In part 1 of this article, I showed you how to properly set goals by being specific, giving yourself a deadline and making your goals positively oriented. I also showed you a technique where you actually visualize yourself after you’ve hit that goal and you imagine what it actually feels like. In part 2 of this article, I’m going to show you a step by step process to take that goal, and create a plan of action for achieving that goal. When you are creating this plan, remember this:
“You can’t reach the top of the mountain in a giant leap-but you can get there if you take the stairs.”
So in essence, what we are about to do is take your mountain of a goal, and break it down into individual obtainable steps. For the sake of this exercise, we are going to continue with the example we used in part 1, which involved losing 30 pounds in 10 weeks. Remember the goal that you wrote down? This is our end all final achievement. We will call this our mission statement. Here is what we came up with last time, and the one that you wrote should be posted in plain view.
“Today is December 5, and I am 30 pounds lighter. I look a lot better, and I feel great. People have complemented me on how I look healthier and am a more enjoyable person to be around. I can now participate in activities I’ve always wanted to do but felt limited by my weight.”
So how can we break this down? Well since we gave ourselves 10 weeks, the best way to me sounds like breaking this up into 10 obtainable milestones that we need to complete along the way. Hitting the 10th and final milestone would complete the mission. Now we need to set up each milestone accordingly. Please note, 30 pounds in 10 weeks can be a big stretch if losing those 30 pounds would mean giving you six-pack abs. I don’t personally believe that this is obtainable to do so in a healthy manner. But for an individual who is much more overweight, it is very possible. I am using weight loss for the sake of this exercise. If your goal is weight loss, I recommend speaking to your physician about what is realistically possible for you (and then try to outdo what they say of course).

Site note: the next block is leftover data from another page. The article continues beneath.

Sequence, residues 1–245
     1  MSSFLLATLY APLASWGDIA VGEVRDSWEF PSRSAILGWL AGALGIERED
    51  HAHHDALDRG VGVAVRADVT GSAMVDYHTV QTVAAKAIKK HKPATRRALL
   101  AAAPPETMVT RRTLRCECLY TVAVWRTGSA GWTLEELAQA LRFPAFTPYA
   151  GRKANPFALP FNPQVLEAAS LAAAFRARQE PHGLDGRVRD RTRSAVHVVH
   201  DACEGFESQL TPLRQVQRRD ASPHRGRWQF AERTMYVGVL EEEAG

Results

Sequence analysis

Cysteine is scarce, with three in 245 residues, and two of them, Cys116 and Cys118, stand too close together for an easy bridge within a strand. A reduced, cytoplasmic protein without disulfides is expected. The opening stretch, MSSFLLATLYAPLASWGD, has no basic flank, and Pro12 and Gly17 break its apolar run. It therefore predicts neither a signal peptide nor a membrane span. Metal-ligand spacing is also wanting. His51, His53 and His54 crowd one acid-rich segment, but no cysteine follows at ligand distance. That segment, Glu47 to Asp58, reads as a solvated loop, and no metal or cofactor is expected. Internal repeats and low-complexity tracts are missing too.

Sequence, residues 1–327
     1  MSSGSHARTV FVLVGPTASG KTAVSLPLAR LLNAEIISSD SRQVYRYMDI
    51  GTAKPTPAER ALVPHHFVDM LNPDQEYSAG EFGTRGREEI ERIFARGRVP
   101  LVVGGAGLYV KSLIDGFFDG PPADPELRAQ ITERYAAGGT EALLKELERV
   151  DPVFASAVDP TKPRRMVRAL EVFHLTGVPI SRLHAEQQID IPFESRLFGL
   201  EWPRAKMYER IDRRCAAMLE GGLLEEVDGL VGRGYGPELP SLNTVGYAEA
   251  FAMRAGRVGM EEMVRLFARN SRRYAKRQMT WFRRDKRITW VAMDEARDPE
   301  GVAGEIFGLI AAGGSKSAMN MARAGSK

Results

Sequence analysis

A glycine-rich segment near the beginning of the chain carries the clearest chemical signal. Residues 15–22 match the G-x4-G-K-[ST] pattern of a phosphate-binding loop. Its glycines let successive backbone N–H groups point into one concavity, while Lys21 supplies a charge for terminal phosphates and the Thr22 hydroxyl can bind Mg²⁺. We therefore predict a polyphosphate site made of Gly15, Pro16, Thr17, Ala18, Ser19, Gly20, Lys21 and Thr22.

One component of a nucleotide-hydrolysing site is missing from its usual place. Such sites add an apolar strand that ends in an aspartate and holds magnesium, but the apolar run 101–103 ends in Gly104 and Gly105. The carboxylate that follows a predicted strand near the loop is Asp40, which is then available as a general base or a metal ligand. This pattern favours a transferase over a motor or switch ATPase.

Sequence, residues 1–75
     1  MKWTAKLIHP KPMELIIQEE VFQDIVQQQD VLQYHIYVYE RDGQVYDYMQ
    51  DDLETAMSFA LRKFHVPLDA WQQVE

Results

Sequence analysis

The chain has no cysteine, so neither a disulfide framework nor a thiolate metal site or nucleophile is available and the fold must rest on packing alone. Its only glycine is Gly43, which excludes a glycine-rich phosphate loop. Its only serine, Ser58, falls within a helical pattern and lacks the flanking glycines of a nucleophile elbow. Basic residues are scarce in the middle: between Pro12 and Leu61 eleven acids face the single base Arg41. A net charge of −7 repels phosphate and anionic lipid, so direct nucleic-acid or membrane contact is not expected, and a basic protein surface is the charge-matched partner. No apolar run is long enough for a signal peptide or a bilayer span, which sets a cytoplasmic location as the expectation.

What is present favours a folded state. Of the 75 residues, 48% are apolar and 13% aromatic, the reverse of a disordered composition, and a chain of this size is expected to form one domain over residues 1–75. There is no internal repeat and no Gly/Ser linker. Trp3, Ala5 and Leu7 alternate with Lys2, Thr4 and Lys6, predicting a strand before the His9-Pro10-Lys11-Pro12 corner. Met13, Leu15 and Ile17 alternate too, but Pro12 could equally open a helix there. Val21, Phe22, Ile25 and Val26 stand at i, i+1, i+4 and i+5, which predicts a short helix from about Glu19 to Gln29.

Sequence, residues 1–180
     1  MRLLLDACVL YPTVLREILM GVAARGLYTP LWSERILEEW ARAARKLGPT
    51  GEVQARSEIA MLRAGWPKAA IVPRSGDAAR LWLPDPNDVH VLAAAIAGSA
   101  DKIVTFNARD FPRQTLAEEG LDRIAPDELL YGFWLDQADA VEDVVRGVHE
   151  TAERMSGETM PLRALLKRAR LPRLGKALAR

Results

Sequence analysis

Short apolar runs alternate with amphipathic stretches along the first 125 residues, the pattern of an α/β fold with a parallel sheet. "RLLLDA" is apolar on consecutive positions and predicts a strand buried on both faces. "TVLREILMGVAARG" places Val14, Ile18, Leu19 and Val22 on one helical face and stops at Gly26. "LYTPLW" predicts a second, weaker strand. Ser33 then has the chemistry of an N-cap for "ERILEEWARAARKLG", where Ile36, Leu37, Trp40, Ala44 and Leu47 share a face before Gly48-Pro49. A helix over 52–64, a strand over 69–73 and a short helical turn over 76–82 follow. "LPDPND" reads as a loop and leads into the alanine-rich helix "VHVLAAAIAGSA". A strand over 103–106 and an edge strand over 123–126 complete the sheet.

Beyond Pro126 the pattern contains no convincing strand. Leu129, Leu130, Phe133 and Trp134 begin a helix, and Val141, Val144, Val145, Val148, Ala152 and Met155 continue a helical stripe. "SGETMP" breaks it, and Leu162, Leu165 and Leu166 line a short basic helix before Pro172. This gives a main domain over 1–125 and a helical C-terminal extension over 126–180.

Since we are using weight loss as our mission, it is ok that we don’t set our milestones equally because it is much easier to lose those first 10 pounds then it is the last 10 pounds. I would recommend this schedule. Weeks 1 & 2 lose 4 pounds a week. Weeks 3 – 8, lose 3 pounds a week. Weeks 9 & 10 lose 2 pounds a week.
Now did you notice something about these milestones? Pounds don’t just disappear in chunks just because you made the number smaller. Completing a milestone may not be the same as leaping to the top of a mountain, but it is like leaping to the top of a hill. So, like what we did with our mission statement, we will continue to chunk down on our milestones until we can break them down into smaller more obtainable goals. I would recommend writing each milestone down on an index card on the top line (sticky notes work well too). On each index card, further break down your milestone into individually achievable goal. For example, on one card, you may list:
Week 1 Milestone: lose 4 pounds
Monday: run 1 mile
Tuesday: lift weights for half an hour
Wednesday: run 1 mile
Thursday: lift weights for half an hour
Friday: run 1.25 miles
Saturday: lift weights for half an hour
Sunday: day off (eat healthy!)
If you are really feeling diligent, you can break this down even further! You may want to list exactly what you eat on Monday for breakfast, lunch and dinner. You may want to plan out a healthy sleeping schedule. Remember, the more specific and detailed you are, the more likely you are to achieve your desired outcome.
Do you remember hearing about the straight A high school students who flunked out of college? Do you know why? In high school, everything was planned out for them. They had English first period, Math second period, Chemistry third period and so forth. They followed a schedule that was strictly enforced, and they were able to thrive in that situation, even if it was to avoid the negative consequences of things like cutting class (this is away from motivation and we want to use towards motivation – we want to look great and feel healthy). However, once they got to college, they were given a lot more freedom, such as optional lectures and readings, and eventually they couldn’t keep up because they lost that feeling of an automatic schedule, where everything is laid out for them. We can argue about there being many other reasons, but I’m not going to go there right now.
You may think that this involves a lot of work. But in reality, the amount of time spent on this activity is only a fraction of the amount of time spent on achieving your mission. If you spent 5 hours a week working on your mission, what’s an extra half hour the first week? I’ll give you a little hint to help start you off so write this down. Goal #1: write down your milestone schedule!
Remember, in order to have success, you must first plan to have success.
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